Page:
Before we start, let me ask you a question: do you know what is the oldest still active open source .NET project?

Today I was again listening to awesome .NET Rocks podcast and the guest was Rob Mensching, the guy behind Wix Toolset. WiX provides a bunch of tools to simplify the creation of MSI packages for Windows, and as far as I know, it is one of the most popular open-source implementations in that area. And it is also free! We use it for the product I am currently working on. Hell, even Microsoft is using it: see for yourself that the current .NET Core installer is actually built with WiX! In fact, Rob Mensching used to work in Microsoft on setup and deployment for Office, Windows and Visual Studio. Obviously, he knows more about installers than most people do, enough to build a business around it. So he is now a CEO and a co-founder of Fire Giant, a company providing commercial support for WiX Toolset.

In a nutshell, WiX allows to define the package contents and installation steps in a declarative way, using XML files like this (taken from WiX documentation):

<?xml version='1.0' encoding='windows-1252'?>
<Wix xmlns=''>
    <Product Name='Foobar 1.0' Manufacturer='Acme Ltd.'
        Language='1033' Codepage='1252' Version='1.0.0'>
    <Package Id='*' Keywords='Installer' Description="Acme's Foobar 1.0 Installer"
        Comments='Foobar is a registered trademark of Acme Ltd.' Manufacturer='Acme Ltd.'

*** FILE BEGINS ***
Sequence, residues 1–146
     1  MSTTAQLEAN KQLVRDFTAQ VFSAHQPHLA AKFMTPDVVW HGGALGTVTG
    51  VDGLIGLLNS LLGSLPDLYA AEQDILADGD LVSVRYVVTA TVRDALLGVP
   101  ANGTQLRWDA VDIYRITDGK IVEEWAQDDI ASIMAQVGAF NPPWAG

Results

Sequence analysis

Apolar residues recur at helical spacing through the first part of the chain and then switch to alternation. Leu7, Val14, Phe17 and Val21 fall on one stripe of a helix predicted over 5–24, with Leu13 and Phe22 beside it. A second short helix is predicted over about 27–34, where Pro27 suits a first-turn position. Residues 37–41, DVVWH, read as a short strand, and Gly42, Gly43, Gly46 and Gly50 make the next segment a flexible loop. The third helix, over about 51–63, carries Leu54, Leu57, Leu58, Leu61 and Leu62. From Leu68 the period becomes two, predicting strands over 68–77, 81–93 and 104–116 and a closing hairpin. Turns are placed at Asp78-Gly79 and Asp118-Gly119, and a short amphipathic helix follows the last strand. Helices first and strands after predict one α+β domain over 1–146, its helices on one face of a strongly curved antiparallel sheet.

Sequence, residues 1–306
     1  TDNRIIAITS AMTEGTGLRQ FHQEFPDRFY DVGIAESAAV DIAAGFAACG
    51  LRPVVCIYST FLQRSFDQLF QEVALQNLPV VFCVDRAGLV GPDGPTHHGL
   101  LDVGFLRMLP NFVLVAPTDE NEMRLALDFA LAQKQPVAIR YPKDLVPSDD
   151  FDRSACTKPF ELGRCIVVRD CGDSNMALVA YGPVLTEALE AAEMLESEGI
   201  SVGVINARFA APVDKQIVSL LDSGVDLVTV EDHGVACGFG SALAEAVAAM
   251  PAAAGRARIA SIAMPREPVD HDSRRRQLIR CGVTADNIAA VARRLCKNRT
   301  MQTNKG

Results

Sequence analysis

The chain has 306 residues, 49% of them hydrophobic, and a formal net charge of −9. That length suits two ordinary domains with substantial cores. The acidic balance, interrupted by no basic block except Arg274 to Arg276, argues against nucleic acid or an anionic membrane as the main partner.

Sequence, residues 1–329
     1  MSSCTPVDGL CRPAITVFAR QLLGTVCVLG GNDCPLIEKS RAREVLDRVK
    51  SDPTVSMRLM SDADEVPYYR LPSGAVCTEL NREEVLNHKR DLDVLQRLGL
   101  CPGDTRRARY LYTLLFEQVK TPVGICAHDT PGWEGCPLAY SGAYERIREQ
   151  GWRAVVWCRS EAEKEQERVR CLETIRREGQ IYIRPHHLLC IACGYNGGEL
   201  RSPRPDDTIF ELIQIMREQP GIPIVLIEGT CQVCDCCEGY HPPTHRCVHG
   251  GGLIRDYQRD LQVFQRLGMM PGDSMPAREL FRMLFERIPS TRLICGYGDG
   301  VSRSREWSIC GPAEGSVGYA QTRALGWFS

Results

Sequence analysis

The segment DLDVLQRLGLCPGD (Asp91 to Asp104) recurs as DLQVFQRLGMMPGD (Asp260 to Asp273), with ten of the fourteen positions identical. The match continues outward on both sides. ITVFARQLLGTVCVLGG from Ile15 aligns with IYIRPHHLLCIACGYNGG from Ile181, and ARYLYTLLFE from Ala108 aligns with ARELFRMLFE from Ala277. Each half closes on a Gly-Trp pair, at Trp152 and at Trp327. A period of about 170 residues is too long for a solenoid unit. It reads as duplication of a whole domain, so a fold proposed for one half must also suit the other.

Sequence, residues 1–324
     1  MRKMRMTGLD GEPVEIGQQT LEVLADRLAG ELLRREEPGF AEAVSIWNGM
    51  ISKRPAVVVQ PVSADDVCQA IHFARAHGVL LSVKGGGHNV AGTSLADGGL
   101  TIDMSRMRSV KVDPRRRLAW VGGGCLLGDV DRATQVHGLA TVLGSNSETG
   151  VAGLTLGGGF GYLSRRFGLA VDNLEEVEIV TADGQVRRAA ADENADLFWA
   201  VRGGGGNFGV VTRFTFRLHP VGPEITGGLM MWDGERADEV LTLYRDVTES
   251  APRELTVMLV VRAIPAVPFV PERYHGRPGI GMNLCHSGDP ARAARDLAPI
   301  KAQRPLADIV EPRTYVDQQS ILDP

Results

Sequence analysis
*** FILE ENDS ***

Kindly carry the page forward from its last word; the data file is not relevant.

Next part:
InstallerVersion='100' Languages='1033' Compressed='yes' SummaryCodepage='1252' />


<Directory Id='ProgramFilesFolder' Name='PFiles'>
    <Directory Id='Acme' Name='Acme'>
        <Directory Id='INSTALLDIR' Name='Foobar 1.0'>


<Component Id='HelperLibrary' Guid='YOURGUID-6BE3-460D-A14F-75658D16550B'>
    <File Id='HelperDLL' Name='Helper.dll' DiskId='1' Source='Helper.dll' KeyPath='yes' />

Of course, it can do much more than just that, but I’m not going into too much detail. Instead I encourage you to check out the podcast and learn something new about installers business in general and WiX in particular. I learned a couple of things I didn’t know before. First, there is a version 4 of WiX in development, which is a rewrite, so it should be better in all ways (source code is available on GitHub). And second…

…and the second new thing actually brings us to the question I asked in the beginning. Turns out that nobody really knows what the oldest .NET open source project is, but WiX comes pretty damn close: it started in 1999 and was publicly released for the first time in 2004. So by any measure it is more than ten years old now! Two other pretty old and well-known ones are NUnit in 2002 (a unit testing framework) and Mono in 2000-2001 (cross platform .NET framework that allowed to run C# and VB code on Linux long before .NET Core came into being). Some discussions about those old open source projects took place in this Rob’s tweet.

I personally think this is exciting: although Microsoft has only recently started to move towards open-source community, the community itself has been around for more than a decade now and has built tons of great tools and products.